Look around you. You can’t get away from it. It insinuates itself everywhere. It’s a giant force that molds modern life. It dominates our senses, buttresses the internet. It brings us entertainment and news. It tells us about the hottest and latest things and events. How could we live without it?
Billions of dollars are poured into it. The media is addicted to it. Television, radio, magazines would be nearly nonexistent without it. It partially supports even public services such as transit, concert halls, stadiums, museums, parks, and more. It even helps keep the cost down for commercial services of many types. Where would our economy be without it?
There’s no doubt about it, the economy is built upon advertising, and more than ever, advertising drives the economy, right along side debt. What would happen if advertising came to a halt?
We might first notice a sudden collapse of TV programming. Most radio stations would stop transmission. Magazines would go out of business. The internet wouldn’t be free anymore. Anti-social media would fade to black. OMG! Can you imagine? Billions of dollars would stop circulating. Ad agencies would go bankrupt. The US mail would carry a fraction of the its current load. Printing services, paper companies, billboard owners, the list goes on and on, would shrink or disintegrate.
After the initial shock, there’d be a flush of money, which used to be spent on advertising, that’s now free for other uses. Profit margins would increase substantially. Corporations would have more money for research, payroll, employee benefits, and dividends. Or they could cut prices. Some companies spend 10% or more of gross revenue on advertising. Do the math. If Corporation X has a 10% net profit and spends 10% on advertising, the elimination of all advertising expense would double their net profit. That’s big. That’s a windfall. Think of the bonuses. Think of the dividends. Think of the sales.
Oh, but wait. Without advertising they’d lose business, they’d lose market share. Commerce would come to a halt.
Well, maybe, probably not. Would you stop buying your favorite products? Would you stop using the services you need? Would you stop eating, driving, watching TV, shopping, . . ?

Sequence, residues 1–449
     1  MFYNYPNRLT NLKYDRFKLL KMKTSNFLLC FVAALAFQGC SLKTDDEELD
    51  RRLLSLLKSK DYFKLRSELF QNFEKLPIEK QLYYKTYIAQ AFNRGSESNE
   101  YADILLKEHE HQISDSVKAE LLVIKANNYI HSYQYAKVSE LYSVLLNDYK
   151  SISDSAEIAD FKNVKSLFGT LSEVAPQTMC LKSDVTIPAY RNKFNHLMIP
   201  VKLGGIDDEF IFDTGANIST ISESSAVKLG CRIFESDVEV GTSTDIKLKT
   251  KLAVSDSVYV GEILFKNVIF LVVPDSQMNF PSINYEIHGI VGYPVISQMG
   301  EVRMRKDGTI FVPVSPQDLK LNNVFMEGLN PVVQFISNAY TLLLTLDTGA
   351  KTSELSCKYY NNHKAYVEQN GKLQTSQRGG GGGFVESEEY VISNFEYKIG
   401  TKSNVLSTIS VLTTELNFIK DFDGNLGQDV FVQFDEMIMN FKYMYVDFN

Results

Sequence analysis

Now think about the cost of things currently supported by advertising. The price of a magazine subscription would soar. All that free TV programming would vanish or turn into pay-per-view. All the products and services subsidized by advertising would cost you more. But then remember all those products and services that used to spend millions on advertising would now cost less. It’s a trade-off. What you pay for soap currently has advertising expenses built-in to pay for your superficially free TV and radio, including the shows you don’t watch.
It’s been demonstrated that pay-per-view would actually cost you less. Why? Because you’d be paying only for what you watch. Via the advertising model you pay for everything, what you watch and what you don’t watch. Costlier for you, because it’s costlier for the advertiser. They have to pay for what you watch and what everyone else watches—highly inefficient on both ends.
Dig in deeper to advertising. Who does it benefit? Advertisers, particularly those with the deepest pockets that can afford to forge their message over airwaves, and print, and internet, are the only beneficiaries. The ones who can repeatedly blast messages to gain traction through the mere-exposure effect get the biggest returns. The consumer, on the other hand, gets nothing from advertising. Think about it. There is zero to gain. Upon further examination, you’ll find not only is there no personal benefit, there are incalculable costs. You are subjected to limited products and limits views of those products. Views that are intent on swaying you, often to buy something that is not in your own best interest, and just as likely harmful. Remember cigarette advertising?
Claims are made by advertisers, some that purport to be supported by science. More often than not, those claims turn out to be not merely a stretch, but totally fabricated. Advertising continually makes promises, overt and implied, that are neither kept, nor in most cases possible. The promise of happiness, the suggestion that you’ll get more sex, more friends, more respect, more money. The promise to save money, when in fact you’re spending money. Promises that their product is better than the next, tastier, faster, smarter, easier, and more and more. The promise that if you buy it, you’ll be smarter, faster, sexier, stronger, and more and more. The only way you’re going to be smarter and wealthier is to ignore advertising. Shut it out, shut it off—pay for ad-free apps, podcasts, news, and entertainment.
Advertising not only limits and misleads, it breaks up programming, disturbs your train of thought, and interrupts your attention span. It pollutes your vision. It distracts. It’s a blight on the landscape. It pops up unexpected and unwanted. It’s an annoyance for which most of us have become desensitized, nevertheless, it grates on us incessantly. And it’s getting more insidious. Product placement in TV and movies, banners and sidebars on webpages that move and flash to catch your eye, and spam and spam and spam and spam and spam.
When it’s scrutinized, advertising doesn’t look so innocent, nor good for the economy, nor good for us. It’s staring us in the face. There is an immense cost, economically and socially. Its worthlessness and its malign consequences are plainly visible. It benefits no one except those who use it to monopolize, manipulate, and dominate. It’s a free country. I want to be free. Free from advertising.
Read part 1 [Based on Science : the cost of ignorance]
Read part 2 [Falsehoods, Fabrications, Fictions : the cost of negligence]
Read part 3 [The Virtual Revolution : the cost of free]
Read part 4 [Topsy-Turvy : the cost of assumptions]